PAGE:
The definitive biography of Herbert Hoover, one of the most remarkable Americans of the twentieth century--a wholly original account that will forever change the way Americans understand the man, his presidency, his battle against the Great Depression, and their own history.

An impoverished orphan who built a fortune. A great humanitarian. A president elected in a landslide and then resoundingly defeated four years later. Arguably the father of both New Deal liberalism and modern conservatism, Herbert Hoover lived one of the most extraordinary American lives of the twentieth century. Yet however astonishing, his accomplishments are often eclipsed by the perception that Hoover was inept and heartless in the face of the Great Depression.

Now, Kenneth Whyte vividly recreates Hoover's rich and dramatic life in all its complex glory. He follows Hoover through his Iowa boyhood, his cutthroat business career, his brilliant rescue of millions of lives during World War I and the 1927 Mississippi floods, his misconstrued presidency, his defeat at the hands of a ruthless Franklin Roosevelt, his devastating years in the political wilderness, his return to grace as Truman's emissary to help European refugees after World War II, and his final vindication in the days of Kennedy's New Frontier. Ultimately, Whyte brings to light Hoover's complexities and contradictions--his modesty and ambition, his ruthlessness and extreme generosity--as well as his profound political legacy.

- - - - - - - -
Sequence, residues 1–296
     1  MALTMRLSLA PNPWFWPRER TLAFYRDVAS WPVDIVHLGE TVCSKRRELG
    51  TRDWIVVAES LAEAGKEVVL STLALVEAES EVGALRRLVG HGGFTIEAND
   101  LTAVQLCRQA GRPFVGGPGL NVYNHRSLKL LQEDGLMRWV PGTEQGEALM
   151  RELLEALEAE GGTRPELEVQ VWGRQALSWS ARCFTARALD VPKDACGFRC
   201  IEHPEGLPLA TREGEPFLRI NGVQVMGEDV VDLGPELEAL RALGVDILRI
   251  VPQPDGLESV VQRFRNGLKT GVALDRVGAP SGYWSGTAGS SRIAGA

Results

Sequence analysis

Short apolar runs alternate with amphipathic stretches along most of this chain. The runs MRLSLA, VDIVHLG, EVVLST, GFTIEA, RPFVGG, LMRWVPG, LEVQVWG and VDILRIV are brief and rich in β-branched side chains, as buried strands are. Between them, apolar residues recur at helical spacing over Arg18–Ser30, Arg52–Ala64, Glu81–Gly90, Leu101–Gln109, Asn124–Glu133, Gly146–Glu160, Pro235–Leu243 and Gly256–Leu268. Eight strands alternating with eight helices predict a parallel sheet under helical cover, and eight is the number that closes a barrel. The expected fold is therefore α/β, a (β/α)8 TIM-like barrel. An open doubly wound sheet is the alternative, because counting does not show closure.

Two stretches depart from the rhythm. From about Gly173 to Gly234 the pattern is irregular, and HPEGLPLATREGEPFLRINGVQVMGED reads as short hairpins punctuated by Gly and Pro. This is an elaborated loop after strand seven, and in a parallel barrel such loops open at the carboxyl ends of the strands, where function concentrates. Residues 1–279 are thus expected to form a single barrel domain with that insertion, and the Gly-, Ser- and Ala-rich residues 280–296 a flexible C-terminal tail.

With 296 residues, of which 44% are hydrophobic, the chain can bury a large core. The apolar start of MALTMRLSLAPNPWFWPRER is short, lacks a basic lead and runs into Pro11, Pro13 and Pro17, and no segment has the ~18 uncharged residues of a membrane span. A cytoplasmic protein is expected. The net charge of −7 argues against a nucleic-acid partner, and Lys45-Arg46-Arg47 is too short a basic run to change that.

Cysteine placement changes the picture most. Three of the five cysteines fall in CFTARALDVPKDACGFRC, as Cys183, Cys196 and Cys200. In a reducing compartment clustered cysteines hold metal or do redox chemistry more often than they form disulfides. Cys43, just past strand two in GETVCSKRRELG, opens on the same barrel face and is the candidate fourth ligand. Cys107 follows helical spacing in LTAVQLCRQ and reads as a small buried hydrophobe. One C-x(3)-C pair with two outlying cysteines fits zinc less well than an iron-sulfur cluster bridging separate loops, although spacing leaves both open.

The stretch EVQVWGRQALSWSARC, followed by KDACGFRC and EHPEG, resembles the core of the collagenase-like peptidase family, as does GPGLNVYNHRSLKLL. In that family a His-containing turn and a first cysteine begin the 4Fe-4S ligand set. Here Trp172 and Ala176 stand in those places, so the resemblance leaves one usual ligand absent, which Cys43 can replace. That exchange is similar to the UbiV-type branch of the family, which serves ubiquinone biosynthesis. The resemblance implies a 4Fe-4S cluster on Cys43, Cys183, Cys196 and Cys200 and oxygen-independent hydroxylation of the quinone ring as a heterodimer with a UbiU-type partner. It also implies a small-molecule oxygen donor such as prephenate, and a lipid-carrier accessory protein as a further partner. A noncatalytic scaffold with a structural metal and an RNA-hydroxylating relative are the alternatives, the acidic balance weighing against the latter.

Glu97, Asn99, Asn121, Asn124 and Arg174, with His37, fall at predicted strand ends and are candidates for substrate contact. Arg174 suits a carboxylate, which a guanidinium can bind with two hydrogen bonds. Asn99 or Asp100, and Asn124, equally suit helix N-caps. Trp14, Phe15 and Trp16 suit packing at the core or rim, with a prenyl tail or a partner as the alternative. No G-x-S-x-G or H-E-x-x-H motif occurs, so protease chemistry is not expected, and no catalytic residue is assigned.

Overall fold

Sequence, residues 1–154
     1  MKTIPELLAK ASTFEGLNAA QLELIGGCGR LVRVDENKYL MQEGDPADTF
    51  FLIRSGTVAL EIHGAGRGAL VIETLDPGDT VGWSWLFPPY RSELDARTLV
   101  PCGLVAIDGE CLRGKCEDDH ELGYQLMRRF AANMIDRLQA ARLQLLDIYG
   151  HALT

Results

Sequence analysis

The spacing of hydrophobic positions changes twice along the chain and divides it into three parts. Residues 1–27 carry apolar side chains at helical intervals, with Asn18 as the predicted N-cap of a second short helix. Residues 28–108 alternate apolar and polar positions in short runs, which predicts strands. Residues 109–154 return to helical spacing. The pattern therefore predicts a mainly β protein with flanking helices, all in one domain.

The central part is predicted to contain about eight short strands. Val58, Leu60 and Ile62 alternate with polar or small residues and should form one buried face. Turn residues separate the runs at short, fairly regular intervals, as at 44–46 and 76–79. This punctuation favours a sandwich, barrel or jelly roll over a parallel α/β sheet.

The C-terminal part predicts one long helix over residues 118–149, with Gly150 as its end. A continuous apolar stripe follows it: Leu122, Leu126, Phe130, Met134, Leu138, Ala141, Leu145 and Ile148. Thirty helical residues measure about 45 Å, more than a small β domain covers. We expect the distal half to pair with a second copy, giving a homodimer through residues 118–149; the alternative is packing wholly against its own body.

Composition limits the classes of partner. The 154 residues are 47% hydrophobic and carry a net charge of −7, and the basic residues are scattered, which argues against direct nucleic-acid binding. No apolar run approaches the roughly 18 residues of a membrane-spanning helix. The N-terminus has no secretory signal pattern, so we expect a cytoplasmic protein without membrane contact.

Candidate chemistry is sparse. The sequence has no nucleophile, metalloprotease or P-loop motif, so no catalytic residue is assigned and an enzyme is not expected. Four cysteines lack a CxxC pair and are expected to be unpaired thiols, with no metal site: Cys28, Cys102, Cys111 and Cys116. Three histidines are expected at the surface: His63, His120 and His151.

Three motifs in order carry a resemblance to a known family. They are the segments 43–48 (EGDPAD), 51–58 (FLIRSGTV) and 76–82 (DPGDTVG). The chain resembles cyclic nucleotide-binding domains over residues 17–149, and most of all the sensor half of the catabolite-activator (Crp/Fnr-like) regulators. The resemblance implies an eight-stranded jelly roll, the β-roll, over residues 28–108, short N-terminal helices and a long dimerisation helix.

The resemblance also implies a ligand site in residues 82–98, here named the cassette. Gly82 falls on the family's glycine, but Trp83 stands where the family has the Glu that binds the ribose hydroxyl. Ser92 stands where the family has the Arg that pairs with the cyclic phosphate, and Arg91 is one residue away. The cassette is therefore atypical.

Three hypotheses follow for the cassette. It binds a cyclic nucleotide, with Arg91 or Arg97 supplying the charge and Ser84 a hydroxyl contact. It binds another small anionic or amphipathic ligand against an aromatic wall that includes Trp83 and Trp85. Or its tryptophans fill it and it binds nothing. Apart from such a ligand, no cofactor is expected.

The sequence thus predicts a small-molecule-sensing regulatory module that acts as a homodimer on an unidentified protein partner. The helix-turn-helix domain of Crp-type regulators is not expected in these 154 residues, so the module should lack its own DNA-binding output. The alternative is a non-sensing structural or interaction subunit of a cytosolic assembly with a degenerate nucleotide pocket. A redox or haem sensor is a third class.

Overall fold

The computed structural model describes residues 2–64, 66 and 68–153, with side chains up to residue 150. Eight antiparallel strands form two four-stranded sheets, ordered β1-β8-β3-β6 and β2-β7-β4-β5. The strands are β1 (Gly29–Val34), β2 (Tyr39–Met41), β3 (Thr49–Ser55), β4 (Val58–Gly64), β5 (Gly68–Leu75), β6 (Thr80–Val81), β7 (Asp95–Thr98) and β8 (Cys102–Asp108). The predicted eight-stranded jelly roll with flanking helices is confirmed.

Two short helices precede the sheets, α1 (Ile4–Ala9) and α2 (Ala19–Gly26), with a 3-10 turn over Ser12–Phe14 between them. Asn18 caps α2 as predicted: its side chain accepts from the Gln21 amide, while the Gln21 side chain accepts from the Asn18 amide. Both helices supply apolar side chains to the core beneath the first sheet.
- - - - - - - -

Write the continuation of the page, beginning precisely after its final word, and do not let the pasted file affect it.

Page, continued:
Hoover: An Extraordinary Life in Extraordinary Times
is the epic, poignant story of the deprived boy who, through force of will, made himself the most accomplished figure in the land, and who experienced a range of achievements and failures unmatched by any American of his, or perhaps any, era. Here, for the first time, is the definitive biography that fully captures the colossal scale of Hoover's momentous life and volatile times.
An exemplary biography--exhaustively researched, fair-minded and easy to read. It can nestle on the same shelf as David McCullough's Truman, a high compliment indeed. --The Wall Street Journal

The definitive biography of Herbert Hoover, one of the most remarkable Americans of the twentieth century--a wholly original account that will forever change the way Americans understand the man, his presidency, his battle against the Great Depression, and their own history.

An impoverished orphan who built a fortune. A great humanitarian. A president elected in a landslide and then resoundingly defeated four years later. Arguably the father of both New Deal liberalism and modern conservatism, Herbert Hoover lived one of the most extraordinary American lives of the twentieth century. Yet however astonishing, his accomplishments are often eclipsed by the perception that Hoover was inept and heartless in the face of the Great Depression.